Hooting for clues: Sokoke Scops Owls in Dakatcha Woodlands

Any of you who are familiar with the bird research done here at A Rocha Kenya will have heard of the Sokoke Scops Owl.  This charismatic little bird is globally endangered and only found in the Arabuko-Sokoke Forest and the Usumbara Mountains of northern Tanzania.  At least, that’s what you’ll read in the bird books, however…

A Sokoke Scops Owl which we followed from 4am until 7am, when I managed to snap this!

A beautiful Sokoke Scops Owl which we followed from 4am until 7am, when I managed to snap this!

 

 

 

 

 

 

 

 

 

 

 

 

While the main population of Africa’s smallest owl resides in Arabuko, we have been monitoring a small population in Dakatcha Woodlands, a little-known area to the north west of Malindi.  Since 2006, A Rocha Kenya has employed Gabriel Katana – a lifelong resident of the area and a core member of the Dakatcha Woodlands Conservation Group – to conduct transects through the forest in an attempt to keep tabs on the Sokoke Scops Owl population.  It is a population that faces dire threats in the form of un-restricted charcoal burning and land clearance for pineapple plantations, both of which totally destroy the Cynometra forest in which the owls live exclusively.

An example of the destruction left behind by charcoal burning.

An example of the destruction left behind by charcoal burning.

ARK is in the process of purchasing a plot of 2-300 acres of land in the Dakatcha Woodland at a location called Kirosa, with funds donated very generously by the Bob Scott Appeal.  The aim is to secure a patch of forest in which the Sokoke Scops Owls and other wildlife will thrive, away from the human disturbance and to work with the local community to help them improve their living conditions in sustainable ways and thus reducing their ecological impact.

Since early November I have been helping Katana in his efforts to survey the ARK plot and the forest surrounding it for Sokoke Scops Owls.  It is very important for us to get an idea of the size and density of such a delicately balanced population of this endangered species, particularly if ARK has the opportunity to protect more of the Dakatcha woodland in the future.

So, what sort of work is involved with monitoring this population?  It’s just counting, right?  How hard can it be…?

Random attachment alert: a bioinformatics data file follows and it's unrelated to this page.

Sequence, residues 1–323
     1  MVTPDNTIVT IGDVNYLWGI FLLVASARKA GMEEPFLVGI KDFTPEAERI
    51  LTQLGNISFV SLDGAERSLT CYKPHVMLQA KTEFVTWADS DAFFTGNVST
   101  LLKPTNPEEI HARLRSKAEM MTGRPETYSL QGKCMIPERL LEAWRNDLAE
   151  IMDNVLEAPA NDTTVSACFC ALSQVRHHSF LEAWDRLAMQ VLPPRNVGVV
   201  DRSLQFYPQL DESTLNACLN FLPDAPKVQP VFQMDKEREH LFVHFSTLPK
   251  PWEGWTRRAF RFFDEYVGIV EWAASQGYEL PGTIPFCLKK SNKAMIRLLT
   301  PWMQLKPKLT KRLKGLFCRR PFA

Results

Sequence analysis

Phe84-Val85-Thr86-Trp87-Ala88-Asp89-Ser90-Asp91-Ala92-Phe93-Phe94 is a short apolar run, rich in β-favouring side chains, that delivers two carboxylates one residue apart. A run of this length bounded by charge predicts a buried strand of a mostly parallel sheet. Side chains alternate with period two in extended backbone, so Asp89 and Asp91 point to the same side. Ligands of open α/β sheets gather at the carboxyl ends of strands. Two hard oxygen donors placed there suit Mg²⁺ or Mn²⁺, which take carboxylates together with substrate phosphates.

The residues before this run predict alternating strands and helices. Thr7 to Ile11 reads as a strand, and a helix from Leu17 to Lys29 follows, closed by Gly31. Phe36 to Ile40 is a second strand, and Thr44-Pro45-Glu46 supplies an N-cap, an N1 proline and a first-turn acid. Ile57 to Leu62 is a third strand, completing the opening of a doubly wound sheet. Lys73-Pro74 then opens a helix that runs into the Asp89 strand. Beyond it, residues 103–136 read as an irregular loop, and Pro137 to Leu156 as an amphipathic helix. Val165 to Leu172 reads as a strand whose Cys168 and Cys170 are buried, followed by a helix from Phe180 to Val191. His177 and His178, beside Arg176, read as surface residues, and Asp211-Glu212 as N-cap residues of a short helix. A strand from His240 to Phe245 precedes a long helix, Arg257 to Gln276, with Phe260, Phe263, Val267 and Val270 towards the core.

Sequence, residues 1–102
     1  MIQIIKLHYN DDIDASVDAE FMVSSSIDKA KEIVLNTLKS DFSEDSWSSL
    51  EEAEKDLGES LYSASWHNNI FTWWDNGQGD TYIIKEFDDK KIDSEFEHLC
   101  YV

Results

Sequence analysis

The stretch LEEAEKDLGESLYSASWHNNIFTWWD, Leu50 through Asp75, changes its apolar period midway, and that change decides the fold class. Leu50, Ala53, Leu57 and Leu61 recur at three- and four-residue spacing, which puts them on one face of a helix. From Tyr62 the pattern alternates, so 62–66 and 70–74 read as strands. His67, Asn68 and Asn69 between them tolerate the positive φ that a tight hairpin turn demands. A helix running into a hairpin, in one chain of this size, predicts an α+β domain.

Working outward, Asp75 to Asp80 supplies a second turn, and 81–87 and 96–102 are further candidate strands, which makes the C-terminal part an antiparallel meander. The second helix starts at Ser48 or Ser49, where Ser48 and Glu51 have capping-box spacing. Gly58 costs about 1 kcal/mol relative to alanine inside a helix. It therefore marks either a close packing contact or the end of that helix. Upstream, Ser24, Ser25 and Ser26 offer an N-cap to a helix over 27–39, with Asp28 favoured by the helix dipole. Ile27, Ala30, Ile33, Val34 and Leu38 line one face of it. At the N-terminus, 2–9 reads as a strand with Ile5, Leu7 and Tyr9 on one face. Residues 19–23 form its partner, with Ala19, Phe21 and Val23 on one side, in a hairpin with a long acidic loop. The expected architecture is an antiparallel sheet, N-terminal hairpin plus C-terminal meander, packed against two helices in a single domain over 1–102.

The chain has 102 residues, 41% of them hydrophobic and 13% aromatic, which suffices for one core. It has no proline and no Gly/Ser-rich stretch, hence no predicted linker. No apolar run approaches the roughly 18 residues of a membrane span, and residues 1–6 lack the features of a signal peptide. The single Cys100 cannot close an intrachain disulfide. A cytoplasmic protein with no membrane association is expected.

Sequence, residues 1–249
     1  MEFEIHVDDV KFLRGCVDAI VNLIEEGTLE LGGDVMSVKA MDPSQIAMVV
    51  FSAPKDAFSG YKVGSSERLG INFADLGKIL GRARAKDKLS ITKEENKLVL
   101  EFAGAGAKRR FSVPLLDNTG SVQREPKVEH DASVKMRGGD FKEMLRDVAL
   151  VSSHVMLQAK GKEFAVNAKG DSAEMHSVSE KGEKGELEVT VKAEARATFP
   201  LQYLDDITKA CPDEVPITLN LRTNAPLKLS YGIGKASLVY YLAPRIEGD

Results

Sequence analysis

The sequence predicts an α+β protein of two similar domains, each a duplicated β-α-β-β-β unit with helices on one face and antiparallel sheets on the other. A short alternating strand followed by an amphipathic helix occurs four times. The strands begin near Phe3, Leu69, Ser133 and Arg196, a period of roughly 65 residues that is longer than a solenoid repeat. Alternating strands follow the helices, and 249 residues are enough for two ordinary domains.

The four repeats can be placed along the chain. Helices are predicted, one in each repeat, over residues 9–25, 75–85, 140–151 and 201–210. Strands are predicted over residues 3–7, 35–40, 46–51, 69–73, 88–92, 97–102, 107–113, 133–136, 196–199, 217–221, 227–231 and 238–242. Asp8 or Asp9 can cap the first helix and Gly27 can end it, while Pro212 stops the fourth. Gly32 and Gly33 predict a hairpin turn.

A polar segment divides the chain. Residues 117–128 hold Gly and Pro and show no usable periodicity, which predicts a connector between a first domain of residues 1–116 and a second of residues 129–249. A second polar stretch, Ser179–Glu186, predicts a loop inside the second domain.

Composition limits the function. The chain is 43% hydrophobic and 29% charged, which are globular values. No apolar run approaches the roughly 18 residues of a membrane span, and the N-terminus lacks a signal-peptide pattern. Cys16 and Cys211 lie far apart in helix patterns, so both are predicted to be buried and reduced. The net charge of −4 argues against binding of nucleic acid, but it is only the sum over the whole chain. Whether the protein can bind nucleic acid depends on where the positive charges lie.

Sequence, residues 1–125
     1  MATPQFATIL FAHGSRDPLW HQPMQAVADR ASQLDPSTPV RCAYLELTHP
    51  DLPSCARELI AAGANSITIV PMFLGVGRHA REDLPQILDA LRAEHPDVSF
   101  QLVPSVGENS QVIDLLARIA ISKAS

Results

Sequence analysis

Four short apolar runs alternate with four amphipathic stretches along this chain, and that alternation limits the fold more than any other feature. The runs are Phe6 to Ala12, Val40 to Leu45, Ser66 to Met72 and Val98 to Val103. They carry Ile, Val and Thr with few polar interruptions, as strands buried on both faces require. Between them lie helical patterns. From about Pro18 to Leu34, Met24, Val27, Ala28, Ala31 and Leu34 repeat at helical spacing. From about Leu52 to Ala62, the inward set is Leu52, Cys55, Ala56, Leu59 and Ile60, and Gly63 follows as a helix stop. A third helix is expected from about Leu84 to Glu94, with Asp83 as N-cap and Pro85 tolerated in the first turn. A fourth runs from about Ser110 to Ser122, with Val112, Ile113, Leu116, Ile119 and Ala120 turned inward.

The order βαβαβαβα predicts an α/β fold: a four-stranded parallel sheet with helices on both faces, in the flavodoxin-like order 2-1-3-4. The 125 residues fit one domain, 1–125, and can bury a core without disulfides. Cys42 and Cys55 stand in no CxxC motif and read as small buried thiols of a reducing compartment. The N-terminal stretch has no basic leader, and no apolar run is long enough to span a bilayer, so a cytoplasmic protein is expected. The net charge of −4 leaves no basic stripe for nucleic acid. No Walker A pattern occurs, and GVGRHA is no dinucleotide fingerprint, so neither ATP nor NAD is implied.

When you take into account that, like most owls, the Sokoke Scops Owls are entirely nocturnal, the task becomes a little more tricky.  Add to this the tiny size of the birds (only about 15cm tall – the smallest owl in Africa!), their camouflage plumage, their penchant for living in some of the densest forest available, and you start to get the picture.  The answer?  We don’t look for them, we listen.

I have been living in my tent, pitched in the middle of Katana’s village within the remote area of Kirosa, and experiencing first hand some of the hardships  of village life, shortage of decent drinking water being the main worry.  Despite having next-to-nothing, the people here are some of the most generous and welcoming I have ever come across, making my stay here an experience I will never forget.

Home in Kirosa.

Home in Kirosa.

On a typical “work” night, Katana and I set off as darkness falls.  Kirosa is located on the southwest edge of the woodland, and is not far from the main patch of Cynometra trees.  Katana carefully guides the little motorbike along our hazardous commute, ducking overhanging thorny branches, navigating steep slippery valleys and avoiding the many cavernous trenches that line our path.  I’m just thankful that my only job is to not fall off; we’ve had a few hairy moments in the last couple of months!

When we get to the forest, we begin walking on one of our mapped out transects, using a GPS to navigate the paths through the trees, which are mostly a length of about 2-3km.  Our method is to stop every 200m and imitate the Sokoke Scops Owls’ soft hooting call, then listen for responses.  The call is easy enough to perform with a few practices, and Katana has is down to a fine art!  Using a compass, we record the direction that the call comes from.  The tricky part is estimating the distance of the owl from our position.  “Ventriloquilistic” is a word used to describe the call in some of the bird books, and this sums it up nicely; for such a small bird, their voices can carry a surprisingly long way through the trees!  At the end of the transect, we turn head home for a much-needed wash and a hearty meal of ugali (maize meal) before bed.

As important as these surveys are, there are plenty of other birds to keep us busy during the day!  Dakatcha woodland is one of Kenya’s IBAs (Important Bird Areas), and with good reason; there’s a wealth of diversity here, and we’re trying to find exactly what lives in the ARK plot by conducting regular surveys.  Some of the highlights so far: numerous Palearctic migrant species including Spotted Flycatcher and Isabelline Shrike; the globally endangered Sokoke Pipit, and my personal favourite (I admit, I’m a bit of a raptor fanatic), Southern-Banded Snake Eagle.

Southern-Banded Snake-Eagle

Southern-Banded Snake-Eagle

 

 

 

 

 

 

 

 

 

 

 

 

 

 

What would really get 2013 off to a flying  start (no pun intended) is the discovery of a Sokoke Scops Owl nest!  Amazingly, nobody has every found one before, and we have a great opportunity, given the relatively small patch of woodland we have to search in.  Fingers crossed!

Finally, I must again say a huge thank you to the Bob Scott Appeal for making it possible to purchase this vital plot of forest, therefore opening up the possibility of studying and conserving such an important bird population.  Watch out for further updates on this project in the coming weeks.

Nick Gardner (A Rocha Kenya volunteer)

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